Axios Atlanta

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Today's newsletter is 833 words β€” a 3-minute read.

1 big thing: Microsoft backs out of west side

microsoft halt

Illustration: Annelise Capossela/Axios

Atlanta's west side residents say they were surprised to learn that Microsoft will halt plans to build a new campus on 90 acres in the Grove Park community.

Driving the news: First reported last week by Bisnow, Microsoft says it made a decision to pause development on the land due to the current economic climate.

  • The tech giant also laid off 10,000 people and said it will evaluate its real estate footprint around the world "against how our employees are working today."

Why it matters: Microsoft's 2021 announcement that it would invest in Atlanta's west side brought renewed interest in a part of town that’s historically been neglected by big-name companies.

What they're saying: Dr. Jasmine Hope, chair of Atlanta's Neighborhood Planning Unit-K, which includes several communities on the west side, told Axios the company did not inform residents of its decision to stop the project.

  • "Microsoft claimed that they were for community engagement, and they want to make sure that they're listening to us," she said. "But communication goes both ways, and I feel like this wasn't very transparent of them."

Threat level: Gavin McGuire, executive director of the Grove Park Foundation, which aims to revitalize the neighborhood and improve residents' quality of life, told Axios he didn't think Microsoft's decision will make other companies hesitant about investing in Grove Park.

  • "Microsoft was almost like a supplement to the plan," he said of efforts to build affordable housing units in the community and provide homeownership opportunities to residents. "They weren't the end all be all panacea, as I like to say. We'll continue our work to…make sure that our community has the things they need to continue to thrive."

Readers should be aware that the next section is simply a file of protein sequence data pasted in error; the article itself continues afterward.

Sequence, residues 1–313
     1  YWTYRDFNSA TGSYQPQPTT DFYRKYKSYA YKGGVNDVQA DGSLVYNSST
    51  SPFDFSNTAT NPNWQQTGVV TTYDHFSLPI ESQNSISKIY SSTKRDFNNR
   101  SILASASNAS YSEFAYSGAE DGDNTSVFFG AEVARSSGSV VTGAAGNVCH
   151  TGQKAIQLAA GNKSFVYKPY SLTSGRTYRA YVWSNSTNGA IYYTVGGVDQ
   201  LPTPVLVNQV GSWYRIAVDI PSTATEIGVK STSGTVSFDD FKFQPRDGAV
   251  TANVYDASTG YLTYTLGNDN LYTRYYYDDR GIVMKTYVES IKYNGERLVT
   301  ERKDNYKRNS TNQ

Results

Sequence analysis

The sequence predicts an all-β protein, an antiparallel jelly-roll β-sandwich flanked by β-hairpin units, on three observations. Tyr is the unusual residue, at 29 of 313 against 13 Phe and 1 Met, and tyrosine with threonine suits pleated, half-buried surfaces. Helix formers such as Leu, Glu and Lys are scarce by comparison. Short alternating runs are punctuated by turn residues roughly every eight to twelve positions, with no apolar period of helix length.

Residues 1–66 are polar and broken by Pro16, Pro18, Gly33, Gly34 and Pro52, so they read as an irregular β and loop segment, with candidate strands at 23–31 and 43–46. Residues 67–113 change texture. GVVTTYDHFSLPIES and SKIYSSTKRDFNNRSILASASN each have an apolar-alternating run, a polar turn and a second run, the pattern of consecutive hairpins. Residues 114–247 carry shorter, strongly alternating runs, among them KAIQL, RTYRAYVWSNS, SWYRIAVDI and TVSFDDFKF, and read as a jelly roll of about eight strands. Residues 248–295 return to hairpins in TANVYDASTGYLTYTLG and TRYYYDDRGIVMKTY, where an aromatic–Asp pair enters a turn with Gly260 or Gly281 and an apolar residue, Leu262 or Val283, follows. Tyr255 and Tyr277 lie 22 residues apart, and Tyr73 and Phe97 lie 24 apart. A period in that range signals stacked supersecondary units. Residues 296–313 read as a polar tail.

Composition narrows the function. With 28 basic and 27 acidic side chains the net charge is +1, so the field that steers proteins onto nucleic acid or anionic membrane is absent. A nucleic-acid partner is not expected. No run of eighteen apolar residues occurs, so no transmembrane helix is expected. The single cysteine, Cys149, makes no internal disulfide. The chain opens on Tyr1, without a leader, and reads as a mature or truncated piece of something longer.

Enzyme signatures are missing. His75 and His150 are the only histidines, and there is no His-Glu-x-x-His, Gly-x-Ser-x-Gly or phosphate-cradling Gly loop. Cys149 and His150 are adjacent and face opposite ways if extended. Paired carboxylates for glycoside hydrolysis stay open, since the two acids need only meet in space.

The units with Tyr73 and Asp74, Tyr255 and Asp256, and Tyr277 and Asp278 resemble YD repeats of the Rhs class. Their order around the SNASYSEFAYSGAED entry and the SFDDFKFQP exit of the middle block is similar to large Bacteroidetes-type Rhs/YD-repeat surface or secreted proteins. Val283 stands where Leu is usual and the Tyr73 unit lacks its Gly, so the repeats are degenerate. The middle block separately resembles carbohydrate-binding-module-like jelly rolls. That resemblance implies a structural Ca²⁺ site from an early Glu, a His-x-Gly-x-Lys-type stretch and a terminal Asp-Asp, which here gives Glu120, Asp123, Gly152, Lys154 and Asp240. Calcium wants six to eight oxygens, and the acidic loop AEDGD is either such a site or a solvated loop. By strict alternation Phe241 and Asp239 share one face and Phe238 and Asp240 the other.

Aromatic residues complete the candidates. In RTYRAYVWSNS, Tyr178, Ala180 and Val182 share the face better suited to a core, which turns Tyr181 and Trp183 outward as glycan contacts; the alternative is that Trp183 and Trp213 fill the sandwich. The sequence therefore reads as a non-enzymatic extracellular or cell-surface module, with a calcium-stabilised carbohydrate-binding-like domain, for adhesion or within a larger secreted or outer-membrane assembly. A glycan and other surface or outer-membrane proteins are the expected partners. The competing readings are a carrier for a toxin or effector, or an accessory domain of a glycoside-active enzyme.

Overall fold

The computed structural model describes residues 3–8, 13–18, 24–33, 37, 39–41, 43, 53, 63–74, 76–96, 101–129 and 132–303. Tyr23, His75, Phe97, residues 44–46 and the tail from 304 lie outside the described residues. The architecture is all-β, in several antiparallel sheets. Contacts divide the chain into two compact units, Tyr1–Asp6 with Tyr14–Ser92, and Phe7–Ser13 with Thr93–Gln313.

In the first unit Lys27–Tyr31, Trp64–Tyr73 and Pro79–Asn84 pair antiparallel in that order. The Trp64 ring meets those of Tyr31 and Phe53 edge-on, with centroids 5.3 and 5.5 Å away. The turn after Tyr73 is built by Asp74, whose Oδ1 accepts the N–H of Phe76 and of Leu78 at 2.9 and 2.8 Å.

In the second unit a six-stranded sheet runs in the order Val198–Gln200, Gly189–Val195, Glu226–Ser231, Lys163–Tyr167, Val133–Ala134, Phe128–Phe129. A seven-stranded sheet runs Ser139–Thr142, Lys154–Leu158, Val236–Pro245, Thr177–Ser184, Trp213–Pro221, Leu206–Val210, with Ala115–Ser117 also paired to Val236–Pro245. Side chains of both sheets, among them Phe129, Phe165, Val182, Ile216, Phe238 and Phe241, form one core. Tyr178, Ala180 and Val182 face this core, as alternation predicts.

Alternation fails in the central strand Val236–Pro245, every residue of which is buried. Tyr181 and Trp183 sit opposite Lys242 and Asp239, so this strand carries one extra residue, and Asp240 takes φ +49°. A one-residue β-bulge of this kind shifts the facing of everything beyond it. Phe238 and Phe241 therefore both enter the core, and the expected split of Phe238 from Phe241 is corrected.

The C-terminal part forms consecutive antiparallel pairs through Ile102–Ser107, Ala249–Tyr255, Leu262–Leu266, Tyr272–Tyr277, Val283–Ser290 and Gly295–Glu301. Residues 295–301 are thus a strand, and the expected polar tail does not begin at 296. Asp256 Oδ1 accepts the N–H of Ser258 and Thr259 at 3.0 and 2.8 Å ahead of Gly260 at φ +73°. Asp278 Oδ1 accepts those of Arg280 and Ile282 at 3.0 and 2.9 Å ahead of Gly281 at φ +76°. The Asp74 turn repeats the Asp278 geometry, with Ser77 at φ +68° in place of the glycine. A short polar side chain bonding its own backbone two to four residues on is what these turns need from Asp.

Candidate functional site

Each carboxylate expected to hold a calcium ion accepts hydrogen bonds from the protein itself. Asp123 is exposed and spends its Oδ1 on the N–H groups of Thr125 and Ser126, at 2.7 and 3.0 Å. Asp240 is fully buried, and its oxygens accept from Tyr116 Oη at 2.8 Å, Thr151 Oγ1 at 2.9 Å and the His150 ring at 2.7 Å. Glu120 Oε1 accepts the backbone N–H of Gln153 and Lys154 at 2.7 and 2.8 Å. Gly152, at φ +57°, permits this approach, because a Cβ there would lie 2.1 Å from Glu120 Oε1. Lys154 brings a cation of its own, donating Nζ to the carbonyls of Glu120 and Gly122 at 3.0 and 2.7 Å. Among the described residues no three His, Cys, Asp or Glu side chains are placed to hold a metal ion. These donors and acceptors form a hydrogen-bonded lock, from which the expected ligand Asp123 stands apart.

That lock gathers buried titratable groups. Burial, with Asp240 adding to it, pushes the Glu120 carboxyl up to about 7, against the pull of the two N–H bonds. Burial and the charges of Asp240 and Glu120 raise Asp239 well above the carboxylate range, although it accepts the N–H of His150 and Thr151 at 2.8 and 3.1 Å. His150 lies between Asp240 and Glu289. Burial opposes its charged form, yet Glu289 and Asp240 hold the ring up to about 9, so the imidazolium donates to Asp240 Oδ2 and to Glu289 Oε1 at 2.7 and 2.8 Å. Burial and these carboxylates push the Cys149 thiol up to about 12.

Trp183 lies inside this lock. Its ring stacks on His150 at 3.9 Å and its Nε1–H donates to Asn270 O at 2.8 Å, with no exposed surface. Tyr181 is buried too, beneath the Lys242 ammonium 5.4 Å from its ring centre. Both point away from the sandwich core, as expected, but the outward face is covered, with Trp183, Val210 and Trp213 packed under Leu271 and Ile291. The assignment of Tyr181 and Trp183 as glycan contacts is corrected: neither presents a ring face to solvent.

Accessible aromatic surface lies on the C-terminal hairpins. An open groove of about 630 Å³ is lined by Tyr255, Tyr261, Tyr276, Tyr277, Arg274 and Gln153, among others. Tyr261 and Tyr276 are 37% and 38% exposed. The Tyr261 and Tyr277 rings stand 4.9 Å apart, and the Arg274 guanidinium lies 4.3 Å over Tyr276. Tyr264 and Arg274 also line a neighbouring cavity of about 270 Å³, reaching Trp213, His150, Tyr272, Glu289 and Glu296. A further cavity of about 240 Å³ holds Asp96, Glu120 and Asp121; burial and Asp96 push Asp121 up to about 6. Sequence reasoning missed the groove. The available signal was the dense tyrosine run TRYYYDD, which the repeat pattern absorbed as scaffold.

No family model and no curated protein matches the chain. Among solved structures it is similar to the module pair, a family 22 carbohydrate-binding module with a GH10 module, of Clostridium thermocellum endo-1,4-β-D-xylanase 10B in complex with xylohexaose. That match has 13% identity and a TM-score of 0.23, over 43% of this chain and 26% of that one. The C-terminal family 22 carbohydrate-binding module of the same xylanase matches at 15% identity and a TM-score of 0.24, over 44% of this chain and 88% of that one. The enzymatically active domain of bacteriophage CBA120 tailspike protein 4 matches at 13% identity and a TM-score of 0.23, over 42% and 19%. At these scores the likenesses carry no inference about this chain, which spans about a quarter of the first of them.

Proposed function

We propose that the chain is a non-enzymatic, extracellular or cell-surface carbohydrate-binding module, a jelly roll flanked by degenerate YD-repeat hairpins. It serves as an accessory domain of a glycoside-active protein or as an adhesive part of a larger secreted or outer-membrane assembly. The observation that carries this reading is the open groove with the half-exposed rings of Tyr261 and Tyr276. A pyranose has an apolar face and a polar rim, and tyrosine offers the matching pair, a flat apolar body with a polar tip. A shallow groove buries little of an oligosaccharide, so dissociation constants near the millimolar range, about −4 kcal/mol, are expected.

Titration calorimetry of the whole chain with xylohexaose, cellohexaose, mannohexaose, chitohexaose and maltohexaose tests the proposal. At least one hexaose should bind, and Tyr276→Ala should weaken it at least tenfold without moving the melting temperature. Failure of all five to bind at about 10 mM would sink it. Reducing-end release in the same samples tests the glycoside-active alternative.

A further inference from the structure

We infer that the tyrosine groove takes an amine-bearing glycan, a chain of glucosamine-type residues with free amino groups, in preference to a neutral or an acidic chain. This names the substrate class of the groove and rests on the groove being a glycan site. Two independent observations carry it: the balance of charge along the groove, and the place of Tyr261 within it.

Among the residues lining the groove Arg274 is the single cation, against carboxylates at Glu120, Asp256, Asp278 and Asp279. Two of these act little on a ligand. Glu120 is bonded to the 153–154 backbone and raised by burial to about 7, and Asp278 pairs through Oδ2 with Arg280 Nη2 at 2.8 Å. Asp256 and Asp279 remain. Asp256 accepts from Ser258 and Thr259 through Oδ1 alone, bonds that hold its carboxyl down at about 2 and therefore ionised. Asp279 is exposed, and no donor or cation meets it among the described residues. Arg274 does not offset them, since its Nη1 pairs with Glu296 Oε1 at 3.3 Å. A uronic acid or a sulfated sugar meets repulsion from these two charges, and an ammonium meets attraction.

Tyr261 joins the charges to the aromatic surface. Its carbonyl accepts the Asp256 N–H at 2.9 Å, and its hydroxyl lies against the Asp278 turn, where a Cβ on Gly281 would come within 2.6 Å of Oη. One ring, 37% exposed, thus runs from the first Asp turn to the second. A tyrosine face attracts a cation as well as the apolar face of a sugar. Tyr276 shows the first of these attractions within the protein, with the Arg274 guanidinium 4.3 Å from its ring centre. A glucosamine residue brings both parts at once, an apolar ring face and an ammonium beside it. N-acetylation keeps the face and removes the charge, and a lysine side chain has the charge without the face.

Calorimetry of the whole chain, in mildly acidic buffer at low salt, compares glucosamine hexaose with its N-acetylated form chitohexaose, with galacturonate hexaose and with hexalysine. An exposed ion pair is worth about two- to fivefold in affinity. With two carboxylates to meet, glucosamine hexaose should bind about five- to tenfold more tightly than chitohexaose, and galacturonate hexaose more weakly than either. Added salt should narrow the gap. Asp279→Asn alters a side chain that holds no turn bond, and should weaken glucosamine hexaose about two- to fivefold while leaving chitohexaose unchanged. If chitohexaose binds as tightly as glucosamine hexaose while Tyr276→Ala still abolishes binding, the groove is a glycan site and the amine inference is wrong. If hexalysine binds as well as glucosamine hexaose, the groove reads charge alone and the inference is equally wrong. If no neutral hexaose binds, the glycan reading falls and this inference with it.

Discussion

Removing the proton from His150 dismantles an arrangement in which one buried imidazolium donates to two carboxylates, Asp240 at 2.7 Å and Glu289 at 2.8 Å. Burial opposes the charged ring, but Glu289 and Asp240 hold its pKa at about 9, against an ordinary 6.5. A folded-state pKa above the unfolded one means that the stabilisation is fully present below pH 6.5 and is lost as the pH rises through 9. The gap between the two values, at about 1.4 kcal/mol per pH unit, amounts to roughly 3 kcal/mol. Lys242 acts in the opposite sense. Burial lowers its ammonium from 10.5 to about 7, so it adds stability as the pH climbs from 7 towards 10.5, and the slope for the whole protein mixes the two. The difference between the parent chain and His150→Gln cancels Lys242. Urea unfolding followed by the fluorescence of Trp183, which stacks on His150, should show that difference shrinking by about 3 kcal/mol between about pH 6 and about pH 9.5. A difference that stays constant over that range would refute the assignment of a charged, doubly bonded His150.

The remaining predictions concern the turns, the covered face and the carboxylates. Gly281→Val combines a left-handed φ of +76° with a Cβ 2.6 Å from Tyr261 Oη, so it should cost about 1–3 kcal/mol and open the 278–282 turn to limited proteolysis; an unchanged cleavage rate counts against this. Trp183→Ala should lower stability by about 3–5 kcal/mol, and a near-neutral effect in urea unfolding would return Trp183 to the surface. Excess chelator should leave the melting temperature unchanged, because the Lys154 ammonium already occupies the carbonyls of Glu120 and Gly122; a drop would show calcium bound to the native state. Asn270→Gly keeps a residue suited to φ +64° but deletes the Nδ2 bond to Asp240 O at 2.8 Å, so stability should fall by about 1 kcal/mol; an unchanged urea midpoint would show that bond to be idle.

The big picture: Mayor Andre Dickens also reached out to Microsoft leaders to express his concern.

  • "The 2021 announcement of the campus had economic consequences for the surrounding communities,” city spokesperson Michael Smith told Axios.
  • "This announcement of a delayed development creates uncertainties, and the mayor wants to ensure that Microsoft fulfills the commitments it has made to our city."

What we're watching: Microsoft says it still plans to set aside a quarter of the property for the community. The company also said it will continue with plans to build three data centers in Fulton and Douglas counties.

Go deeper: Bank invests $20 million to revitalize Atlanta neighborhood

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2. Unsung hero: Ruby Doris Smith-Robinson

A  black-and-white portrait photo of a Ruby Doris Smith-Robinson wearing a large collar and smiling

Photo: Wikimedia

During the civil rights movement, the Student Nonviolent Coordinating Committee acted as an activist force and a bridge between younger generations and the old guard.